Olympic Size Price Tag Too Much for Boston
The Games sure are a grand spectacle, but the cost is daunting.
Everybody loves the Olympics, right? The grit, the feats, the glory, the decathlon champ who later decides he’s a woman. All kidding aside, every two years (summer and winter, respectively), the world gathers its best athletes to compete for sport and national pride. But is it worth the price of admission?
Boston and the International Olympics Committee (IOC) came to an agreement of sorts: No, it isn’t worth the enormous cost for Boston to host the 2024 Olympic Games.
It’s revealing that both parties agreed because neither wanted to be liable for the inevitable cost overruns. Boston Mayor Martin Walsh refused to sign a host city contract with the United States Olympic Committee that would put Boston’s taxpayers on the hook for the extra costs (i.e., absolving the IOC), so the committee cut Boston out of the running. Walsh said, “This is me letting the taxpayers of Boston know … that I will not sign a document that puts one dollar of taxpayers’ money on the line for one penny of overruns for the Olympics.”
Walsh is right in a sense; the spectacle of the Olympics is an expensive façade, and there are always cost overruns. Cities and countries spend billions of dollars updating or building infrastructure, with the accompanying traffic delays and detours for citizens, all for two weeks of glory on the world stage. That isn’t to say those two weeks aren’t really fun and glorious…
As a side note, this phenomenon is certainly not limited to the Olympics. American taxpayers fork over billions of dollars in what are essentially subsidies to our own major national sports. For example, the National Football League, a “nonprofit” until it dropped the charade in April, has secured billions for stadiums around the country, which are then replaced a couple of decades later when they’re deemed “outdated.”
The last time the summer Olympics were held in the U.S. was 1996 in Atlanta. But what of the Olympic venues in Atlanta today? Turner Field, formerly known as Olympic Stadium, is home to Major League Baseball’s Braves, but it will be demolished when the team moves in 2017 to another venue built with $450 million in taxpayer money in suburban Cobb County. And Turner Field is the only Olympic venue in Georgia’s biggest city still in operation. So much for the “investment” in 1996.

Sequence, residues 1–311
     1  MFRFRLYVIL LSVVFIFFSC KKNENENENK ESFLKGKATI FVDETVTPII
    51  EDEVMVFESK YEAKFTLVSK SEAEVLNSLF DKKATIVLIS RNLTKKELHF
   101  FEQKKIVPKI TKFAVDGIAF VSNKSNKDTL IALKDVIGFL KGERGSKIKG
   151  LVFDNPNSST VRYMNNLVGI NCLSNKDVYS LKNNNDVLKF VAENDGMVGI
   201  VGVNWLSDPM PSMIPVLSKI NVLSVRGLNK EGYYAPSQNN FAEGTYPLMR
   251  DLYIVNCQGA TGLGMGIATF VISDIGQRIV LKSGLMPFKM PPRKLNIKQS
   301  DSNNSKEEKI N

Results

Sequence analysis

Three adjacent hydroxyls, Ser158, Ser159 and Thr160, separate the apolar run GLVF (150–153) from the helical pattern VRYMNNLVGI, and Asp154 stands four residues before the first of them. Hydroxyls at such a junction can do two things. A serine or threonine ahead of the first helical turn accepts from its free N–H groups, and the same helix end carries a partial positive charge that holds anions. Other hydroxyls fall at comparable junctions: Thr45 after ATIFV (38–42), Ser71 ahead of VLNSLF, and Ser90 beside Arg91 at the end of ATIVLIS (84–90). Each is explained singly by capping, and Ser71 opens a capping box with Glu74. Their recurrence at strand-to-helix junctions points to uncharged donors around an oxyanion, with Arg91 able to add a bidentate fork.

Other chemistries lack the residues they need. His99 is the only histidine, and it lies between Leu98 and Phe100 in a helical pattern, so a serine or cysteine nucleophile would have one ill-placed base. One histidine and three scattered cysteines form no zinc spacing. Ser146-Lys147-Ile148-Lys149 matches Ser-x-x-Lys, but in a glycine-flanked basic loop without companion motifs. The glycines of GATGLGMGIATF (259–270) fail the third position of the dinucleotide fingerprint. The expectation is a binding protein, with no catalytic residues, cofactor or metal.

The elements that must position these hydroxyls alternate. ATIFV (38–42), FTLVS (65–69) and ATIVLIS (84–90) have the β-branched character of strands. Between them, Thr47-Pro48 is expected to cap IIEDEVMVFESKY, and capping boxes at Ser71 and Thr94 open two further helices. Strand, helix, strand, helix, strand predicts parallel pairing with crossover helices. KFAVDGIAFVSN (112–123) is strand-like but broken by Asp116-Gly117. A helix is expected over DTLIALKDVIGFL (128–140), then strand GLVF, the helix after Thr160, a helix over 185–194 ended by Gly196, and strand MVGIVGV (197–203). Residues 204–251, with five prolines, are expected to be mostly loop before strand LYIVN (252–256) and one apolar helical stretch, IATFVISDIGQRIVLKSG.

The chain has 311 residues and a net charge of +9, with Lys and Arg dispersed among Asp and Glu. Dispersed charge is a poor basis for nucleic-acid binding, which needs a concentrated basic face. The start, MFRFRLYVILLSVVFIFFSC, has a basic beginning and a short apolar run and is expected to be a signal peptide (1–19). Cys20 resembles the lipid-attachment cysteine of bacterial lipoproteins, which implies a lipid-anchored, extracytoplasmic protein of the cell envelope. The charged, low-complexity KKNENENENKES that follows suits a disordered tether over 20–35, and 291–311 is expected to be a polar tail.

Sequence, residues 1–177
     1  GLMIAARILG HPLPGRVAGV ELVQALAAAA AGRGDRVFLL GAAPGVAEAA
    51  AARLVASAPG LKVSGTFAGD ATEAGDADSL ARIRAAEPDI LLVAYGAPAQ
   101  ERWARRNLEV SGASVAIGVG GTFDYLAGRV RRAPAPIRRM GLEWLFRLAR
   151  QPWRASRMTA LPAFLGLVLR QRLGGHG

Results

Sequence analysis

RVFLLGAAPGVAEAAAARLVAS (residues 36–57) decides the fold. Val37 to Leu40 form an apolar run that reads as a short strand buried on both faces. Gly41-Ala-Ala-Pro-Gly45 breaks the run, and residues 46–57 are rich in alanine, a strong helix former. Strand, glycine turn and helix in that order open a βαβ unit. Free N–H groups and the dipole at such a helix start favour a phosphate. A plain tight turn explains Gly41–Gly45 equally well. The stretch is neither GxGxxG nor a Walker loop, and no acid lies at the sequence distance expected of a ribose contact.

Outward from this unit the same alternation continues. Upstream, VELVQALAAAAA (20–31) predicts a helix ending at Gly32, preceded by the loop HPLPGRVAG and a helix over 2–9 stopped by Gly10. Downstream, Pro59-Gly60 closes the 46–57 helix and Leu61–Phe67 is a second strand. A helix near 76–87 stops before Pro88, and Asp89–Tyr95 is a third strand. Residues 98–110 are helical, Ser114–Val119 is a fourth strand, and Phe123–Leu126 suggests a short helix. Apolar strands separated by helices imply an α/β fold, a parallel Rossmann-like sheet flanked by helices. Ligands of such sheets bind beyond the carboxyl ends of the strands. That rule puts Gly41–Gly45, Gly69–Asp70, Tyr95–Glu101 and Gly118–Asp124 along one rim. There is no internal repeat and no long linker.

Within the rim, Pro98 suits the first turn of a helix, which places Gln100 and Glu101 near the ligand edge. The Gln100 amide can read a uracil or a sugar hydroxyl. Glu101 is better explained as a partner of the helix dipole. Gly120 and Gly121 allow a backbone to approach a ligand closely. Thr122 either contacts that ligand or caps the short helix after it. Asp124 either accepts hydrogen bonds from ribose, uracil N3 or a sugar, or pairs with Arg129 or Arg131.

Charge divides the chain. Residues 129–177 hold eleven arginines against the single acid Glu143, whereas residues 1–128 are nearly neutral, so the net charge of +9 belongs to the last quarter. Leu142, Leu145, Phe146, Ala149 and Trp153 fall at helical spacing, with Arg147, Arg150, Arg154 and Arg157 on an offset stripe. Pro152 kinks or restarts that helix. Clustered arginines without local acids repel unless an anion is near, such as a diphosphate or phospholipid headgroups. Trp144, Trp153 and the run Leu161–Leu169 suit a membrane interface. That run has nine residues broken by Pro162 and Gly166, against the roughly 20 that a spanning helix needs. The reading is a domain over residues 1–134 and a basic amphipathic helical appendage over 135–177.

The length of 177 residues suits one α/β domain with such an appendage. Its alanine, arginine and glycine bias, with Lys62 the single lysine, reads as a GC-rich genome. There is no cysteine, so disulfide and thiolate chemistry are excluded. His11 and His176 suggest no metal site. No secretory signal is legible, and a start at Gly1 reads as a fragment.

What about more recent years? Mark Alexander described his first-hand experience at the 2008 Beijing Olympics, which cost China $40 billion:
> “China put on its best face, rather like a movie set. Beijing’s new airport is among the world’s finest. Every main Olympic thoroughfare was newly paved, signed, landscaped and lighted. Even the primary rural routes outside the city had makeovers, with fresh paint and greenery covering 100 feet on either side of those roads. Beyond that makeup, however, was the dirt and dilapidation that makes up most of China’s rural areas.
> "The new Olympic structures were certainly impressive, though few of the 250,000 people who were ejected from Soviet-era block housing that formerly blighted the Olympic green were adequately compensated. Indeed, many of them did not receive alternate housing.”
Just four years later, Beijing’s shining venues looked no different than much of the rest of the country — worn and abandoned monuments to failed central planning. And the subjects of the “People’s Republic” are certainly no better off, which is why Chinese activists are pushing the IOC to reject Beijing’s 2022 Winter Olympics bid.
Finally, remember when the IOC rejected Chicago’s (and, by extension, Barack Obama’s) bid for the 2016 games? The Windy City blew $100 million on that rejection.
All that said, there is a spirit about the Olympics that’s tough to quantify with a price tag. National Review’s Jay Nordlinger, for one, is sorry to see Boston give up. “Generations ago,” he writes, “when we were a much poorer country than now, we did things like host the Olympics, because we felt we should. We wanted to. Such deeds comported with our sense of ourselves — with the way we thought of our place in the world, and what we had to offer mankind.”
Who can forget the overwhelming national pride after the 1980 USA hockey team defeated the mighty and heavily favored Soviets in the “Miracle on Ice” at Lake Placid? Is there a price tag applicable to such a moment?
Perhaps it’s the utter waste of the last decade in Washington that has left so many Americans feeling like saving rather than spending. Perhaps no one thinks all that much of Barack Obama’s America any more — that was his goal, after all — and they conclude the Olympics just aren’t worth hosting. We’d only note this irony: The Olympics are becoming unaffordable because other nations are driving up the cost with Obama-style “stimulus” bids. America can do better. But it won’t happen in Boston 2024.
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